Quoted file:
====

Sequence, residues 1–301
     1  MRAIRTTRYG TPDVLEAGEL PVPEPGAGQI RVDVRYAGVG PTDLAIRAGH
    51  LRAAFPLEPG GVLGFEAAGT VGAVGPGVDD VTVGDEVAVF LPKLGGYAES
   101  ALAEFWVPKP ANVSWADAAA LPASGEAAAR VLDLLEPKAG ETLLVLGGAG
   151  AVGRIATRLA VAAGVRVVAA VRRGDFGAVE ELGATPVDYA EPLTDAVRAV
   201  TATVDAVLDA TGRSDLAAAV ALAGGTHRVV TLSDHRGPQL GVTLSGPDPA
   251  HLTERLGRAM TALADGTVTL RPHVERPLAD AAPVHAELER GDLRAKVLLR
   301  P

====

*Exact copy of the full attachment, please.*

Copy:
Sequence, residues 1–301
     1  MRAIRTTRYG TPDVLEAGEL PVPEPGAGQI RVDVRYAGVG PTDLAIRAGH
    51  LRAAFPLEPG GVLGFEAAGT VGAVGPGVDD VTVGDEVAVF LPKLGGYAES
   101  ALAEFWVPKP ANVSWADAAA LPASGEAAAR VLDLLEPKAG ETLLVLGGAG
   151  AVGRIATRLA VAAGVRVVAA VRRGDFGAVE ELGATPVDYA EPLTDAVRAV
   201  TATVDAVLDA TGRSDLAAAV ALAGGTHRVV TLSDHRGPQL GVTLSGPDPA
   251  HLTERLGRAM TALADGTVTL RPHVERPLAD AAPVHAELER GDLRAKVLLR
   301  P